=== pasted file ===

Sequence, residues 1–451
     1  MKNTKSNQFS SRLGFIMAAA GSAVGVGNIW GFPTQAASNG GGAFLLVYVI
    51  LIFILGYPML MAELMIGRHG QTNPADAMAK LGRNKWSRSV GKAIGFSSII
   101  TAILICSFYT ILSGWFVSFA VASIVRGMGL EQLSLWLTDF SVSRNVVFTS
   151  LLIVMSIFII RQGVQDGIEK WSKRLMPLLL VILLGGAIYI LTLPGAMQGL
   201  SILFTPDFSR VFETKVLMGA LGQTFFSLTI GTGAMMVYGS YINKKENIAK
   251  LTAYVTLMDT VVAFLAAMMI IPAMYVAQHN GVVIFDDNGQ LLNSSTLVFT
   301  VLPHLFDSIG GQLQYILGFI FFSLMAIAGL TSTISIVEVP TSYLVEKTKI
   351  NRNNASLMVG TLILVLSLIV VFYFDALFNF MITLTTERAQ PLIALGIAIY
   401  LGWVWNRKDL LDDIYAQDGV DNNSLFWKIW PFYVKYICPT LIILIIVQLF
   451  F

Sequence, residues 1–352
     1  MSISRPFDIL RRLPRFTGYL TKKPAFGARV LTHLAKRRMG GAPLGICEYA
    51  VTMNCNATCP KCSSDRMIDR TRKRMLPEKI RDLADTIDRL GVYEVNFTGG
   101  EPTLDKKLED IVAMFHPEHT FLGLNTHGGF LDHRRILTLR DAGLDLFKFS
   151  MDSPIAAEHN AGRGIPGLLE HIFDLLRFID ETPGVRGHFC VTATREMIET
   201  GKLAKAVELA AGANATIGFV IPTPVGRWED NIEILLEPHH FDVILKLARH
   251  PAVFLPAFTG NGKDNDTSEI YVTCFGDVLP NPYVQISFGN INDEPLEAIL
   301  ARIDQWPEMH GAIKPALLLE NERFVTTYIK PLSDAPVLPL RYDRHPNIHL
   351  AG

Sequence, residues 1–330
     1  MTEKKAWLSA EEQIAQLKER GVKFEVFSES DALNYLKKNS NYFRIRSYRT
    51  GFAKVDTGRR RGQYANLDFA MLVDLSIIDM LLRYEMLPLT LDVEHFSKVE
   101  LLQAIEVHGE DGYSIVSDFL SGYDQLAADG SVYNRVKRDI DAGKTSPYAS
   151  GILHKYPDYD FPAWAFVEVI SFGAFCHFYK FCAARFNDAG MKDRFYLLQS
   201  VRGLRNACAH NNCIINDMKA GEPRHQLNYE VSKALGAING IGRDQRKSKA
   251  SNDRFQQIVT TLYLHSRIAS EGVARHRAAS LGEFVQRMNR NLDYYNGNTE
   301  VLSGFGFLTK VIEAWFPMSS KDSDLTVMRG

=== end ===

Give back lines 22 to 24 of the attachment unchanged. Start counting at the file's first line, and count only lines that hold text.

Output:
     1  MTEKKAWLSA EEQIAQLKER GVKFEVFSES DALNYLKKNS NYFRIRSYRT
    51  GFAKVDTGRR RGQYANLDFA MLVDLSIIDM LLRYEMLPLT LDVEHFSKVE
   101  LLQAIEVHGE DGYSIVSDFL SGYDQLAADG SVYNRVKRDI DAGKTSPYAS